Google Tag Manager

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Image - Google Tag Manager
Image – Google Tag Manager

Google Tag Manager is a tag management solution that mediates between a website or a mobile app and tracking tools like Google Analytics. GTM allows the use of one container for all code tags. Tracking codes have to be added to Google Tag Manager which is common across all pages. This JavaScript code acts as a container and is a home to other scripts that tags the system for injecting scripts into the page. Configuration rules apply for firing tags dynamically eg clicks form submission, track links, etc. Add or modify code snippets of GA by adding them to the existing container. Save your time by leveraging GA built-in tags, create variables and control versions, fire triggers in GA events, and so on. Work with Accounts and Containers by understanding permissions and security. You can also opt for multiple containers. The mobile version of GTM caters to a deferred audience.

GTM container has tags, triggers, and variables. The code snippets related to tags gather and operate the data.

fig1-Summary-Google Analytics Configuration with Google Tag Manager
fig1-Summary-Google Analytics Configuration with Google Tag Manager

Some tags come with pre-built-in GTM templates, others such as custom HTML and Image tags can be created. A set of rules and conditions in the triggers inform each tag when to fire. Variables are stored pieces of information that are accessible to your tags and triggers. Google Analytics collects visitor data and displays it in the form of reports, whereas Google Tag Manager takes hold of website interactions and sends such data to Google Analytics or any other tracking tool. fig1 shows a summary of how GA is configured with GTM.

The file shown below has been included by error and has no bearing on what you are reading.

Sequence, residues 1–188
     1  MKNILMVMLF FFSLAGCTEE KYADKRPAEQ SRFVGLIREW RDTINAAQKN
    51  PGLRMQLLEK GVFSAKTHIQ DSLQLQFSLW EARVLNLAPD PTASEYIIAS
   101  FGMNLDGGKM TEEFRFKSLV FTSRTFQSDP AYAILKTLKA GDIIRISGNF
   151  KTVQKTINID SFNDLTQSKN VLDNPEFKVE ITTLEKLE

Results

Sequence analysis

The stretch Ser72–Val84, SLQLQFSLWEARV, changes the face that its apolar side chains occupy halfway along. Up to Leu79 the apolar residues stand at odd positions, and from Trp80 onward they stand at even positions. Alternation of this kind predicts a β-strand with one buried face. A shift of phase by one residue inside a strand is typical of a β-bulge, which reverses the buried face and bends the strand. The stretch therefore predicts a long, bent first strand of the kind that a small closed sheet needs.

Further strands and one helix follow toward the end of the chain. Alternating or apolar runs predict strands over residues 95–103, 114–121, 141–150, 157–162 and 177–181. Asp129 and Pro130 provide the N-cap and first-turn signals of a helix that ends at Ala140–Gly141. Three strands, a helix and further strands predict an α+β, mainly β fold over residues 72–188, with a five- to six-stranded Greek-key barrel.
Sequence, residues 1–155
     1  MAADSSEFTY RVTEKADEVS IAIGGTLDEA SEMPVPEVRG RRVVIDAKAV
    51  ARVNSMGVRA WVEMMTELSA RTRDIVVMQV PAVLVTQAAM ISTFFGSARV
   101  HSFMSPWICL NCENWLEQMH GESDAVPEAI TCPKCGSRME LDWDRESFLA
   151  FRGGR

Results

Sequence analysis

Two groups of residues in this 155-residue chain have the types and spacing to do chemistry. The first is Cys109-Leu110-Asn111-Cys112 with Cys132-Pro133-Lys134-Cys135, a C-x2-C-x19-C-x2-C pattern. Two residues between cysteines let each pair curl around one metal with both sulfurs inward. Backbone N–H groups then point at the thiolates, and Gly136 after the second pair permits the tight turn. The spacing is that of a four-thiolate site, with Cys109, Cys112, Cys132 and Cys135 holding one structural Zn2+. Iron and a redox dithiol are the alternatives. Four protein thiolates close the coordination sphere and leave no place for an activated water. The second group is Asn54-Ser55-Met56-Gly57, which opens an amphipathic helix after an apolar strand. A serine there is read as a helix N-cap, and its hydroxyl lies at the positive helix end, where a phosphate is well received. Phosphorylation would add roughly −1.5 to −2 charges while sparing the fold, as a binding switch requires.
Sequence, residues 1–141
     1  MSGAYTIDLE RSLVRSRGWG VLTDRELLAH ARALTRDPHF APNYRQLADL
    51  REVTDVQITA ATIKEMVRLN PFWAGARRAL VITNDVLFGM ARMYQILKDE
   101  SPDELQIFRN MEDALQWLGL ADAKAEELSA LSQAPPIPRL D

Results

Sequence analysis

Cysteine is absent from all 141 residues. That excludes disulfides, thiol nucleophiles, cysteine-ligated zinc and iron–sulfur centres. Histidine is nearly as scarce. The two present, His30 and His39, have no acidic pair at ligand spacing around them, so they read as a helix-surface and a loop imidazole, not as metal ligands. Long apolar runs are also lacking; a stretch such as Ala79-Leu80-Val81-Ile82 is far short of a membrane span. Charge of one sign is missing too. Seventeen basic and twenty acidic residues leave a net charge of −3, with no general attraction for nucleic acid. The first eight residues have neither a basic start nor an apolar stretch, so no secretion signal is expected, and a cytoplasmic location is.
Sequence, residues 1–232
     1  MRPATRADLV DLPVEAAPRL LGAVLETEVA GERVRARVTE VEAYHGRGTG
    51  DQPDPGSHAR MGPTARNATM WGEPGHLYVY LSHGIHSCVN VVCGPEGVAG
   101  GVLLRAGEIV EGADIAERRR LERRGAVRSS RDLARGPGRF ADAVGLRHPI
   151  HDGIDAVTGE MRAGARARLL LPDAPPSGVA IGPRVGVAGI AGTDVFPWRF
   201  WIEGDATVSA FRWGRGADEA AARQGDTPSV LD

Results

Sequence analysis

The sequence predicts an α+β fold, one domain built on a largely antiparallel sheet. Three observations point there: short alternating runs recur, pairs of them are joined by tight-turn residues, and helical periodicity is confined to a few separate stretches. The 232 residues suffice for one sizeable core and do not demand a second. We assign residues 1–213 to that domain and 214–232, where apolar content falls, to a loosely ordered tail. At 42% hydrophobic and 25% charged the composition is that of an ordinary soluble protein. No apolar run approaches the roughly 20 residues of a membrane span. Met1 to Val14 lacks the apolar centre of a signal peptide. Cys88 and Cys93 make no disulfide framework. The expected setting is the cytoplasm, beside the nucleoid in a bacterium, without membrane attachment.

Getting Started with Google Tag Manager

Sign up for Google Tag Manager with your Gmail account to get started. 

fig2-Google Tag Manager~Set up Account
fig2-Google Tag Manager~Set up Account

Google Tag Manager New Account & Container Set Up

  • to check, analyze, and solve installation of various Google tags such as Google Analytics, Adwords Conversion Tracking, Google Tag Manager, etc.
  • verify the correct installation of Google Tags on your page.
  • to show which tags are present, report any errors, and suggest ways to improve implementation.
  • Tag Assistant Recording records user flow through your website and troubleshoot, diagnose and validate issues regarding google analytics implementation.
fig3-Google Tag Manager~Add a New Account & Container Setup
fig3-Google Tag Manager~Add a New Account & Container Setup

Fig3 shows the set up for creating a New Account and Container Setup. Select the target platform – ‘Web’ for your website and click ‘Create’. In GTM set up one account and one container for your Company and Website. Add and manage users for your GTM account. User access and permissions can be set at both the account level or the container level.

Naming Conventions

It is important to follow a naming convention for your structure set up in GTM – tags, triggers, variables, workspaces, and versions with proper descriptions. This will help manage your GTM data for large projects that are being sent to GA.

fig4-Install Google Tag Manager Code
fig4-Install Google Tag Manager Code

Google Tag Manager: Installation

With the web container installation, you will be prompted with the code snippet. The Google Tag Manager code fig4 is to be placed on each page of your website.

fig5-Placement of Code Under Opening Head Tag~header.php file

For WordPress, fig5 shows the page containing code under the opening head tag of the header.php file.

fig6-Placement of Code Under Opening Body Tag~header.php file

fig6 shows page containing code under the opening body tag of header.php file in WordPress.

The Google Tag Manager container snippet is a small piece of JavaScript and non-JavaScript code that has been pasted into the opening head and body tags of the header.php file. It allows Tag Manager to fire tags by inserting gtm.js into the page. For structuring containers in Google Tag Manager, three cases are possible-

  • one website, one container
  • multiple websites, one container
  • multiple websites, multiple containers
fig7-Google Tag Manager~Workspace Interface